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© 2017 National Association of Social Workers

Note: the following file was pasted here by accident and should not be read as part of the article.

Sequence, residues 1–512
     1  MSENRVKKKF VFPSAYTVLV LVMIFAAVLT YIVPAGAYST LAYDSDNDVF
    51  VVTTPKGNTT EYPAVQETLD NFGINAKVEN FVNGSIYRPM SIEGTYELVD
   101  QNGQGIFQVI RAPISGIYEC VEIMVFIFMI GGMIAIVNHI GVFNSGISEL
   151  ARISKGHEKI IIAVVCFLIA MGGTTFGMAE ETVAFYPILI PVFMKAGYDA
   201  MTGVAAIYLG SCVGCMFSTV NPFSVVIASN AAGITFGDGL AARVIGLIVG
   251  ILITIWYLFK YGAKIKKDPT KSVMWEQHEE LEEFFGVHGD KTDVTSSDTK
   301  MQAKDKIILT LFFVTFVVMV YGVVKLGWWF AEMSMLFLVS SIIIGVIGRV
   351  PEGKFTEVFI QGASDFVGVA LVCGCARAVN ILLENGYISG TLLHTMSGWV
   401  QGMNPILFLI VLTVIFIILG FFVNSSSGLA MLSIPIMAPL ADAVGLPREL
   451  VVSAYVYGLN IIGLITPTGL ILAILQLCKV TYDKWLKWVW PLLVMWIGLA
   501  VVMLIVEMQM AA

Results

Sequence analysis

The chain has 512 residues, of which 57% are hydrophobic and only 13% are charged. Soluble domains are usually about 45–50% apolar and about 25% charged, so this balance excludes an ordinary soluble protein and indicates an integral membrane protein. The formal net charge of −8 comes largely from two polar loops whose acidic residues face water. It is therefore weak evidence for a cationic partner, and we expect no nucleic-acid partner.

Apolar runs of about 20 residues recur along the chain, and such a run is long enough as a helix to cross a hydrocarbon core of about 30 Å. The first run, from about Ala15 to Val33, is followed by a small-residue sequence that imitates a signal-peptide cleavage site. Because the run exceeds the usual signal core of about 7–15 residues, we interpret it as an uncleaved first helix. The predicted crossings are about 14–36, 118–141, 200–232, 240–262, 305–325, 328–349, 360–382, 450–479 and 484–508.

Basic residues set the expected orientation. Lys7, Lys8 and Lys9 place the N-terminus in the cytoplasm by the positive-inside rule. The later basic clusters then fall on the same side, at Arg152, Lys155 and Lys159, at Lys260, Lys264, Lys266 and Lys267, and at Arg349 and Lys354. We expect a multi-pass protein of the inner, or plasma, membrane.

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Abstract